There’s a photo of the Bucilla Meringue on Flickr  that leads me to believe this is around a DK weight yarn, so my initial attempts at trying to create a worsted weight yarn from the Cascade Pima Tensel because the pattern calls for a K hook were misguided. I’m using some Red Heart Super Saver from my stash to work up this shrug, but I’m pretty sure I’ll use most of the 14 ounces (two skeins = 728 yards) I have available.

So, if you’re going to crochet this shrug, substitute a yarn that comes as close as possible to the Bucilla Meringue. But honestly, six ounces of a Bucilla-like yarn (570 yards) still doesn’t seem like enough, so you may want to buy a skein or two more just to be safe.

Fits Sizes 8 to 14

I’m not sure sizes 8 to 14 back when this pattern was originally published (and I don’t know when that was) are the same as today’s sizes 8 to 14. Perhaps you can tell from the photo when this pattern was published. I’d say at least the 70s, maybe even earlier. I’m thinking women back then were smaller than they are today, and the sizing for this shrug may be smaller than one would expect.

The fit of the first half that I’ve crocheted is snug, but perhaps that’s how it’s supposed to fit. The only finished measurement the pattern gives is from the beginning of the sleeve to the nect (24”); it would be nice to have had a bust measurement, but I guess I’ll have to finish it to determine how snug the fit is going to be for my size 14-16 frame.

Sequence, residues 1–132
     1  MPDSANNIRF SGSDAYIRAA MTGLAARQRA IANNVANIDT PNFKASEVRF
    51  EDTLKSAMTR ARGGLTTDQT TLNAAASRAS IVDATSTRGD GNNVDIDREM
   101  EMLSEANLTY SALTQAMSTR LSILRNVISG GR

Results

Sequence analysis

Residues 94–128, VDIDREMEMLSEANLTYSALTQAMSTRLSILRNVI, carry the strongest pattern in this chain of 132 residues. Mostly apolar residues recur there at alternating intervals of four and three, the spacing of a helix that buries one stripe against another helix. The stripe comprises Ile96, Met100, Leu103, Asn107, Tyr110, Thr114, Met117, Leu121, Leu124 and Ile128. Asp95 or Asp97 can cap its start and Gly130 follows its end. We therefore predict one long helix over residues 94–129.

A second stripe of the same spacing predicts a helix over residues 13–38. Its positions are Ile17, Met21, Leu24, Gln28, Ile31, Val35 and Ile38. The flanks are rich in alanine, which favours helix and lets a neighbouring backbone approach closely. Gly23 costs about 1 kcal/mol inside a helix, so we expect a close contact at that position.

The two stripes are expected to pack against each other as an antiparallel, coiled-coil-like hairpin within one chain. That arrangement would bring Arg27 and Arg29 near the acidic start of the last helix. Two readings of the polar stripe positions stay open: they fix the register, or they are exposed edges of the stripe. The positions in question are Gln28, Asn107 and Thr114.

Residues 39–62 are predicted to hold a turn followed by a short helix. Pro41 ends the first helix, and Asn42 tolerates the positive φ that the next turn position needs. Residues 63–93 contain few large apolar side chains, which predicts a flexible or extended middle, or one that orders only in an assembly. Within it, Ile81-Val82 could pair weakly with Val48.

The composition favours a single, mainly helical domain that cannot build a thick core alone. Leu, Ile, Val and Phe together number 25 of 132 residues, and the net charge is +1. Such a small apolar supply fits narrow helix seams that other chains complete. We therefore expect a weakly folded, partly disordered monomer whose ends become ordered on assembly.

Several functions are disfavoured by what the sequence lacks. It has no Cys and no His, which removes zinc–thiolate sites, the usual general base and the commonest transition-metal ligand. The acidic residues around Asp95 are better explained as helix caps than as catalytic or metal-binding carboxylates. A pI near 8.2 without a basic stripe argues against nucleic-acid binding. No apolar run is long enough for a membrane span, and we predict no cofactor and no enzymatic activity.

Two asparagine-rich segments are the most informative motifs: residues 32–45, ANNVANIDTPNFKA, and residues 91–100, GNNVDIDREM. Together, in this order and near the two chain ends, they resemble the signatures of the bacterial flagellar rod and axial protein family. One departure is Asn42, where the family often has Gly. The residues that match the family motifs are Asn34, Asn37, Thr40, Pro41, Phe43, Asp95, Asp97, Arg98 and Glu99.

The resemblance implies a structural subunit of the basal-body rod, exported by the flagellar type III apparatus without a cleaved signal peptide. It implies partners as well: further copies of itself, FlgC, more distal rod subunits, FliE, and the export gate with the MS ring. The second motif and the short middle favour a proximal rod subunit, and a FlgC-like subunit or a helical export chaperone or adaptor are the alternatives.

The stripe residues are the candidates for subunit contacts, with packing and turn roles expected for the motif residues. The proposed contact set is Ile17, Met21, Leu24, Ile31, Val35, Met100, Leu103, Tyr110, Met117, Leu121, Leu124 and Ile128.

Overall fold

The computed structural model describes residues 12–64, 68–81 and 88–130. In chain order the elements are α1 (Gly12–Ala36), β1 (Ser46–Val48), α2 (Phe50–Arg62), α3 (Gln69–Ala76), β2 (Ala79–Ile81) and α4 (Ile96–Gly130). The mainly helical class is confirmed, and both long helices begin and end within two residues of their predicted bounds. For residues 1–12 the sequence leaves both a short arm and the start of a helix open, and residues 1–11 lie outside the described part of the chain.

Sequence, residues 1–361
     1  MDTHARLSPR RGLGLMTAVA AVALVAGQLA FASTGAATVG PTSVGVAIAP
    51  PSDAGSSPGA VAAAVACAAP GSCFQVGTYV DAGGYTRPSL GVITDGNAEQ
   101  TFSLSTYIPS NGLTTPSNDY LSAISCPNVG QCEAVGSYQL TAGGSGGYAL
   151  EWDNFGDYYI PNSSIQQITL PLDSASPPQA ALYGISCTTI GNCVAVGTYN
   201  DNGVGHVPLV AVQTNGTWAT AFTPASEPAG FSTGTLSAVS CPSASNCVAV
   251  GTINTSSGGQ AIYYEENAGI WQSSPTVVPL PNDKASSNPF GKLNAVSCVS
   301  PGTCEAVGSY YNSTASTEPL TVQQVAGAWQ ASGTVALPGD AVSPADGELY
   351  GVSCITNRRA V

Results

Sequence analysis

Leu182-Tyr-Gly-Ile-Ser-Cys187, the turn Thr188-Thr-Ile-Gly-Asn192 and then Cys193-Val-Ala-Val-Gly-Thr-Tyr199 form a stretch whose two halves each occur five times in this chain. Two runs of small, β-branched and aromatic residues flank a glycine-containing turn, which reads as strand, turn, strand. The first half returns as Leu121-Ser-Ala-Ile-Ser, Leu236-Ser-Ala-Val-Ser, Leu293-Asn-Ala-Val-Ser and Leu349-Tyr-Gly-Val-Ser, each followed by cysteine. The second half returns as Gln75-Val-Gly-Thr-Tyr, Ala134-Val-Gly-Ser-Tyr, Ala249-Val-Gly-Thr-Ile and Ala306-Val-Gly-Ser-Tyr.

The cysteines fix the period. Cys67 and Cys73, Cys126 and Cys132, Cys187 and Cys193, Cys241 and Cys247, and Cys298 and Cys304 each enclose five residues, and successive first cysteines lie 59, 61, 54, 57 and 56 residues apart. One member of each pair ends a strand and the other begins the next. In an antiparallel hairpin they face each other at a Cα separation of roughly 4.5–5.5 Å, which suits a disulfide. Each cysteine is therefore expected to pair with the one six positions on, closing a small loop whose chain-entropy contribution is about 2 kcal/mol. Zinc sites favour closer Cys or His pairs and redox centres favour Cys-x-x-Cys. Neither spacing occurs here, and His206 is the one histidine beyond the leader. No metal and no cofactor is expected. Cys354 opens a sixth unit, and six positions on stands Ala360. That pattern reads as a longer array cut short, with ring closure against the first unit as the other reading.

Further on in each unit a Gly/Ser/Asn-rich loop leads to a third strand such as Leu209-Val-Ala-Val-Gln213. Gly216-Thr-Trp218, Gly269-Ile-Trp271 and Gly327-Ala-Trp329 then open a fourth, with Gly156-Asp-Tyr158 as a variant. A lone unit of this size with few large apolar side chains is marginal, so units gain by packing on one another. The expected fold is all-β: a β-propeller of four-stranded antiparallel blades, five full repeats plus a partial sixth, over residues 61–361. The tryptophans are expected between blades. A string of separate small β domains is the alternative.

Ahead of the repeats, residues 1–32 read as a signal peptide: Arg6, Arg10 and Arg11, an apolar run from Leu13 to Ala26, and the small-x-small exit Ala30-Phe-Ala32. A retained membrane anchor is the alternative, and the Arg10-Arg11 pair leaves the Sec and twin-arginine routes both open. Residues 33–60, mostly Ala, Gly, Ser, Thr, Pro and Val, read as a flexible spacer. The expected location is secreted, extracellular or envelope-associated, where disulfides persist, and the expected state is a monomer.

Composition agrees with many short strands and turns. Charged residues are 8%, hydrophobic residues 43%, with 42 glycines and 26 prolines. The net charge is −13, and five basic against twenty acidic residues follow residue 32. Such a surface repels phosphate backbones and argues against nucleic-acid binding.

Double Crochet (dc) Pattern Stitch

Based on the photo, I thought for sure this shrug used a filet crochet stitch (1 dc, ch 1), but instead, it’s straight double crochet, except the double crochets are made in between the stitches of the previous round instead of at the top of the stitch Crocheting between the stitches is what creates the filet-crochet effect. The pattern also tells you to make your stitches ¾” long. This somewhat elongated double crochet stitch is a must if you’re going to match the gauge of six rows per 4”.

Marking the Underarm and Shoulder